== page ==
Saturday 18 July 2009




THE Ministry of Defence admitted last night that an RAF Chinook helicopter flown in Afghanistan has been cobbled together from the front and back of two old aircraft.

Officials earlier denied the hybrid had been operational in the Middle East.
The aircraft was made up from two others – one which crashed in 1999 and one taken from the Argentinians during the Falklands war. The two parts were fused together – a “cut and shut” technique often used illegally by dodgy car dealers – and the aircraft went back into service in 2003.
The MoD statement followed an embarrassing disclosure by former Defence Secretary John Hutton in a letter to Ian Sadler, whose 21-year-old son Jack was killed in Afghanistan in December 2007. Mr Sadler, of Exmouth, Devon, said he was told about the hybrid helicopter by a soldier who claims he had been inside it in Afghanistan within the last year and that it had two different identification numbers.
The MoD would not confirm its whereabouts. But last night a spokesperson said: “We argue it’s a good use of resources.”

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This story so infuriated me when I read it, I thought I should reproduce it here.


Oldrightie said...

Arthur Daley would have been proud. A cut and shut chopper.

Anonymous said...

We know what happens to criminals who do that with cars, so apart from the obvious saving the money routine, this is surely illegal. Someone needs shooting over this.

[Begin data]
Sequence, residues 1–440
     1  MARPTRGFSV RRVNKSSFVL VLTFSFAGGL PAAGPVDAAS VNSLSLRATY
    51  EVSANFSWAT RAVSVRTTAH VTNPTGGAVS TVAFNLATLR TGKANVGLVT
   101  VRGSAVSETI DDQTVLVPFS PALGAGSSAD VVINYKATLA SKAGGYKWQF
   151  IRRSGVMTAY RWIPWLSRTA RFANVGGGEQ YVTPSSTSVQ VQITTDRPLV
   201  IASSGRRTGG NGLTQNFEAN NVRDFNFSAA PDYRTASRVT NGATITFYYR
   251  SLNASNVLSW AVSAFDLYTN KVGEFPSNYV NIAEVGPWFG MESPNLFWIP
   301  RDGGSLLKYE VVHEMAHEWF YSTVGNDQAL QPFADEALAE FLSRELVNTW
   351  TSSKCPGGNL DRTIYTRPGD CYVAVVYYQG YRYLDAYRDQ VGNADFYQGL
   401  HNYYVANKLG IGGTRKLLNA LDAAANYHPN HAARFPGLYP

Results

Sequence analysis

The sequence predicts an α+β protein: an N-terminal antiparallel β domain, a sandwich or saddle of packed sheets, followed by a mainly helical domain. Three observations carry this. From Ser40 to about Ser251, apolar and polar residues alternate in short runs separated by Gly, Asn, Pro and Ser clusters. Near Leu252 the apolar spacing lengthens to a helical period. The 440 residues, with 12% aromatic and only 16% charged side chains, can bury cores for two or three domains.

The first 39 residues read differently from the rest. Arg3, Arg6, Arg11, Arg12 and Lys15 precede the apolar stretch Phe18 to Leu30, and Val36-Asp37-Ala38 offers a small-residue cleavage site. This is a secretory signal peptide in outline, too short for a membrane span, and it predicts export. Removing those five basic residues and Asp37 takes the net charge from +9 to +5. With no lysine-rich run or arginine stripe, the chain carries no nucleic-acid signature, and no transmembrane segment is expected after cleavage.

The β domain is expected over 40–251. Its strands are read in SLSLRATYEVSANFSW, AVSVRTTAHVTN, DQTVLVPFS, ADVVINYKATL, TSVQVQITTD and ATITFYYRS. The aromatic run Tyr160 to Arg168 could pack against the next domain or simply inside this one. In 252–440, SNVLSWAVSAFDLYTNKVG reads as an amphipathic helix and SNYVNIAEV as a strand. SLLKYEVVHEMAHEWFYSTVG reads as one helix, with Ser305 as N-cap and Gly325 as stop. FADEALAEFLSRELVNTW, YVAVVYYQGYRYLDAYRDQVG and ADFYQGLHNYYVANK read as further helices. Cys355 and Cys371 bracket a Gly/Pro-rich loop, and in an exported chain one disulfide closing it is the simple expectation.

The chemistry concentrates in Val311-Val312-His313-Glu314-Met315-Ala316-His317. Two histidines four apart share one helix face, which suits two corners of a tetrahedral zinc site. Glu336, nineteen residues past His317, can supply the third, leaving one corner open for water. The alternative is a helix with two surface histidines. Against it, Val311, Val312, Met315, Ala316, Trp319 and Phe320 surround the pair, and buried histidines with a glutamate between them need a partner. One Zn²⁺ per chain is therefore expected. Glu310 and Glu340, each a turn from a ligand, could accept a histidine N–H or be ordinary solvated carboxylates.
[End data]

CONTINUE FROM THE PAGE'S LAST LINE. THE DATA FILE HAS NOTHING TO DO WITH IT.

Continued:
Doubting Richard said...

I really, really hate to defend the government, especially on helos in Afghanistan. However this is probably a non-story, typical press misunderstanding of what they're writing about. Impossible to tell without more details about the repair.

As I wrote here most stories in the paper I can assess are wrong in important ways. The industry I mention working in there is aviation. It is common practice to use parts from one aircraft to repair another. With a typical holiday jet the only major component swapped would be the engines, but many non-structural elements like fairings, panels, avionics and machinery plus doors, gear components and some other smaller structural elements might well be.

I never flew the Chinook, and know little specific about its construction. However it is an excellent aircraft with a fantastic safety record. Maintenance in the military is generally good, and the repair was probably done very well. After all the aircraft has flown many hours safely since.

Did you know that half the UK Hercules fleet has been cut in half and fitted back together? a section was added to extend the length of the aircraft, and done perfectly safely.

Doubting Richard said...

Have seen a couple of other posts about this, so have written my own post.

banned said...

They'll be winding back the mileometer next.

Barking Spider said...

Get your dodgy helicopter MOT's here!